Observing the human condition
This story was featured in the October 2013 issue of Southwest Art magazine. Get the Southwest Art October 2013 print issue or digital download now–then subscribe to Southwest Art and never miss another story!
Fifteen years ago Ned Axthelm was living in Chicago when he first started exploring the idea that has become a recurring theme in his work: observing people. He began this practice one year at the annual Chicago Marathon. These days, however, Axthelm does his people-watching on trains and buses and in cafés. “People are endlessly fascinating and interesting with all their varieties and nuances,” he says. “My interest has its roots in being surrounded by people every day who I don’t know and inventing narratives.”
About five years ago Axthelm left Chicago, moved to San Francisco, and enrolled in the master’s degree program at the Academy of Art University. Taking public transportation such as the BART system became a regular part of his life, and he had long stretches of time to take photographs of his fellow passengers as reference material. After graduation a year ago, he continues his observations. Sometimes he is discreet with his camera, and other times he asks permission from people to take their pictures. Axthelm notes that he always has an explanation ready if they ask what he is doing with the photographs. Surprisingly, he says, few people pay much attention.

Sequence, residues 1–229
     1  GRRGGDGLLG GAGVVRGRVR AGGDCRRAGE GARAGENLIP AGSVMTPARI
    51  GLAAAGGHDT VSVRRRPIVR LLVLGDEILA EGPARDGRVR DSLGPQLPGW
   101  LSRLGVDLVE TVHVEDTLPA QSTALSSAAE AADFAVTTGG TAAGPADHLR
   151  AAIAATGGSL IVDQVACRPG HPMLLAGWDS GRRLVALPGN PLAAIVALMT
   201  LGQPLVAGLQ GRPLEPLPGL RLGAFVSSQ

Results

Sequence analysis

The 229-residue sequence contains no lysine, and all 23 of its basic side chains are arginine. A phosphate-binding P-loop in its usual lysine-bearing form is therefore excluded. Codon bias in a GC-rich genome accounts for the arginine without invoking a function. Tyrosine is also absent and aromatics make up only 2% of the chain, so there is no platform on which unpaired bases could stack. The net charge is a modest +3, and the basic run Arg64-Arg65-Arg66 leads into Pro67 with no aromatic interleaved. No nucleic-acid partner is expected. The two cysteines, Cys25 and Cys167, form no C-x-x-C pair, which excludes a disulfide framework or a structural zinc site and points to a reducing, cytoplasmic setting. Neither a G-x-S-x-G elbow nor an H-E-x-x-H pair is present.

One of a number of influences on his paintings is the work of famed 20th- century realist Edward Hopper. But Axthelm sees an important distinction: “His tone is more lonesome than I think mine is. I am coming from a more positive and hopeful place,” he says.
Since graduating, Axthelm, 34, says he has been painting furiously and working hard at his studio in South Berkeley—and his efforts have been rewarded. This year one of the pieces from his Watched series, a sensitive portrait of a homeless man, was juried into the Oil Painters of America national show at InSight Gallery in Fredericksburg, TX.
Axthelm says he likes to give viewers the sense that they are walking or sitting alongside him while he is pointing out things that grab his attention—small moments and little details that otherwise would get neglected and ignored because they are common, everyday occurrences. “I imagine myself saying, ‘Hey, look at that,’” he adds. —Bonnie Gangelhoff
Featured in the October 2013 issue of Southwest Art magazine–click below to purchase:
Southwest Art October 2013 print issue or digital download
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